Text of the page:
Mitigation is an affirmative defense which must be plead by a defendant. Koppers, 98 F.3d at 1448. In order to prove a failure to mitigate, a defendant must establish: "(1) reasonable actions the plaintiff ought to have taken, (2) that those actions would have reduced the damages, and (3) the amount by which the damages would have been reduced." Id.
In determining whether a plaintiff has acted appropriately to mitigate damages, the test to be applied is one of reasonableness. Toyota, 611 F.2d at 471. The fact finder must determine whether plaintiff's actions, in the face of the breach, were reasonable considering "all the facts and circumstances." Id. ; see also Contractor Industries v. Zerr, 241 Pa. Super. 92, 359 A.2d 803 (Pa. Super. 1976)(stating that "the rule that a party cannot recover damages from a defaulting defendant which could have been avoided by the exercise of reasonable care and effort is applicable to all types of contracts. The question presented is one of fact.")(internal citations omitted)); 4A Anderson, UNIFORM COMMERCIAL CODE § 2:715:42 (3d Ed. 1997).
Further, the duty to mitigate is not necessarily an absolute defense, but rather concerns the amount of damages a plaintiff can recover. "The amount recoverable by the damaged party must be reduced by the amount of losses which could have been avoided by that party's reasonable efforts to avoid them." Turner, 829 F. Supp. at 761; see also S.J. Groves & Sons Co. v. Warner Co., 576 F.2d 524, 528, n.5 (3d Cir. 1978); Farnsworth, CONTRACTS § 12.12 (2d Ed.); and 5 CORBIN ON CONTRACTS § 1039. Thus, the duty to mitigate functions as a tool for a defendant to lessen a plaintiff's recovery. The question of how much, if any, a plaintiff's recovery should be reduced due to a failure to mitigate, like the question of the reasonableness of a plaintiff's behavior in the face of the breach, is one of fact.
Thus, the questions presented are disputed questions of material fact.
Therefore, defendants' motion is denied.
III. Speculative Nature of Damages
Defendants also seek summary judgment arguing, on two separate bases, that the nature of plaintiff's claims for damages is too speculative to allow recovery. Defendants first suggest that plaintiff's damages are speculative because plaintiff has pointed to no specific out of pocket expenses, i.e. "cover" costs. Second, defendants argue that plaintiff's expert's estimation of the fair market value of the aircraft as well as plaintiff's expert's methodology in coming to his conclusion are too speculative. (Def.'s Mem. at 22-25).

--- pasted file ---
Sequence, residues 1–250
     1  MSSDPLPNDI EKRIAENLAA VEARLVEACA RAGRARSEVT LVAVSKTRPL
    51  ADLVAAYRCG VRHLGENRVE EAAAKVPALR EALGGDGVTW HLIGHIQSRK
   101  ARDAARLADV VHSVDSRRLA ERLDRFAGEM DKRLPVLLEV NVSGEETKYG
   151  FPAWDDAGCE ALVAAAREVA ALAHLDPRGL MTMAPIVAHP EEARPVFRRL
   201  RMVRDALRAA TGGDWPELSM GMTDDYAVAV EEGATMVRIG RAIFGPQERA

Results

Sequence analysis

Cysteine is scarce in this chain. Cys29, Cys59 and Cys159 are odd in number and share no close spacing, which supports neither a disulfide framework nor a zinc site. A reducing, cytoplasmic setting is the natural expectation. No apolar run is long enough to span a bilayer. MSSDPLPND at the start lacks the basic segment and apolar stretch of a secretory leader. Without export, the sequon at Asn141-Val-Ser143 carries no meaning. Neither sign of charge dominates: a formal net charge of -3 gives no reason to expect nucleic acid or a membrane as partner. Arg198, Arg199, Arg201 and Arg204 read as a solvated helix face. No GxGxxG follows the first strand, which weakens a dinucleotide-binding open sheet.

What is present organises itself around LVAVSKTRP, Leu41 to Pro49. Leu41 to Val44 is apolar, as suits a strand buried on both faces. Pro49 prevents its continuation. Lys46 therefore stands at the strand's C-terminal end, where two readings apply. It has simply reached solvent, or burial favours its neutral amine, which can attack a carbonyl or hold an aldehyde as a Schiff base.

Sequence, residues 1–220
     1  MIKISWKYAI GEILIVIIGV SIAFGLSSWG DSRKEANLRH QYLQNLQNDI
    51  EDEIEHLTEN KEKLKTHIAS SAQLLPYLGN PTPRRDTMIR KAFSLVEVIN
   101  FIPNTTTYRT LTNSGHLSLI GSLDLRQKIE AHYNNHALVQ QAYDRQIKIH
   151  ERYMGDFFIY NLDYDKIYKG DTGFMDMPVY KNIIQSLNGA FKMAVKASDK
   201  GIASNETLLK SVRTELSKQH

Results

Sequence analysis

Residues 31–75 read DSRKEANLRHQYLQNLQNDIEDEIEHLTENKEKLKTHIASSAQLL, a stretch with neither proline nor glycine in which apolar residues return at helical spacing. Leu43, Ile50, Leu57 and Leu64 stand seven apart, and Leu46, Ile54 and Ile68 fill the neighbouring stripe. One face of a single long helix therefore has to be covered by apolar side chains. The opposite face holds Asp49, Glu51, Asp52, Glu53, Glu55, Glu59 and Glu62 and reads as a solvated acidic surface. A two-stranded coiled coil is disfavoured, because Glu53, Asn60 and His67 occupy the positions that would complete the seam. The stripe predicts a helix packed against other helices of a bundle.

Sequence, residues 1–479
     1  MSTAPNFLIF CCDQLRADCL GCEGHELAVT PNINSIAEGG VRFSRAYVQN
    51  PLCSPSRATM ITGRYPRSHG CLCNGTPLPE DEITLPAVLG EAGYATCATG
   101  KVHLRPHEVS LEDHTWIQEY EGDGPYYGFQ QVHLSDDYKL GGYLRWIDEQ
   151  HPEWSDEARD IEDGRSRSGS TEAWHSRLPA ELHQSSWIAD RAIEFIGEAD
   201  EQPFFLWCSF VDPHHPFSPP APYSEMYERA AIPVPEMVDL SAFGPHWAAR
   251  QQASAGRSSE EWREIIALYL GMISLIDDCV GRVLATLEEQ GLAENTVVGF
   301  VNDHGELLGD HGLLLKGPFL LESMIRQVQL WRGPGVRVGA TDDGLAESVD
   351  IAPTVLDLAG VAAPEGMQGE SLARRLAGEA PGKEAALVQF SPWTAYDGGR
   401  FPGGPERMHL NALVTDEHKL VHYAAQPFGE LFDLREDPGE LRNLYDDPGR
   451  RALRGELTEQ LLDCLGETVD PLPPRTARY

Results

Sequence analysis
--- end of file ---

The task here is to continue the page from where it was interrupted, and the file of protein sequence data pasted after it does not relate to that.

Plaintiff, in responding to defendants' first contention, argues that it is relying on § 2713 of the UCC, which provides for market price less the contract price as a valid measure of damages. Accordingly, plaintiff argues, it is unnecessary to show cover costs or other costs when using this measure of damages. Plaintiff responds to defendants' second claim by arguing that in determining the fair market value of the 725 Aircraft its expert reviewed the information concerning the condition of this specific aircraft along with various publications and other sources of information regularly used, recognized, and relied upon in his business.
Defendants are correct in noting that "a jury may not award damages on the basis of speculation and conjecture." Carroll v. Philadelphia Housing Authority, 168 Pa. Commw. 275, 650 A.2d 1097, 1100 (Pa. Cmwlth. 1994). See also Blanche Road Corp. v. Bensalem Township, 57 F.3d 253 (3d Cir. 1995); Rochez Brothers, Inc. v. Rhoades, 527 F.2d 891, 895 (3d Cir. 1975); Ballantine v. Central Railroad of New Jersey, 460 F.2d 540, 544 (3d Cir. 1972). Under Pennsylvania law, "damages are speculative if the uncertainty concerns the fact of damages not the amount." Carroll, 650 A.2d at 1100. If the uncertainty concerns only the amount of damages, summary judgment is inappropriate. Id.
On the other hand, Pennsylvania courts have made it clear that when determining the amount of damages, there need not be "'mathematical certainty, but only reasonable certainty, and evidence of damages may consist of probabilities and inferences.'" Molag, Inc. v. Climax Molybdenum Co., 431 Pa. Super. 569, 637 A.2d 322, 324 (Pa. Super. 1994)(quoting Delahanty v. First Pennsylvania Bank, N.A., 318 Pa. Super. 90, 464 A.2d 1243, 1257-58 (Pa. Super. 1983)).
With respect to defendants' first argument, the UCC allows for market price less the contract price as a measure of damages; therefore, defendants are incorrect in asserting that in order to prove the fact of damages plaintiff needs to show cover costs or other "actual" costs. To the contrary, what must be shown under that section is the fair market value. See 13 P.S. §§ 2713 & 272r3.
Defendants' arguments concerning the amount of plaintiff's expert's estimation of the fair market price of the aircraft and the methods by which plaintiff's expert came to this conclusion concern both the credibility of the expert and the amount of damages suffered by plaintiff. These are both questions of fact. See Duquesne Light v. Woodland Hills School District, 700 A.2d 1038, 1047 (Pa. Cmwlth. 1997)(expert's credibility is jury question); Molag, Inc., 637 A.2d at 324 (expert's credibility and amount of damages are jury questions); Miller Oral Surgery, Inc. v. Dinello, D.M.D., 416 Pa. Super. 310, 611 A.2d 232, 236 (Pa. Super. 1992) (determination of damages is fact question).
Thus, as there exists no question as to the fact of damages but only a factual question as to the amount of damages, defendants' motion for summary judgment based on the speculative nature of plaintiff's damages is denied.
An appropriate Order follows.
AND NOW, 26th this day of January, 1998, upon consideration of Defendants' Motion for Summary Judgment and Plaintiff's response thereto, it is hereby ORDERED that for the reasons set forth in the foregoing Memorandum the Motion is DENIED.
BY THE COURT:
J. CURTIS JOYNER, J.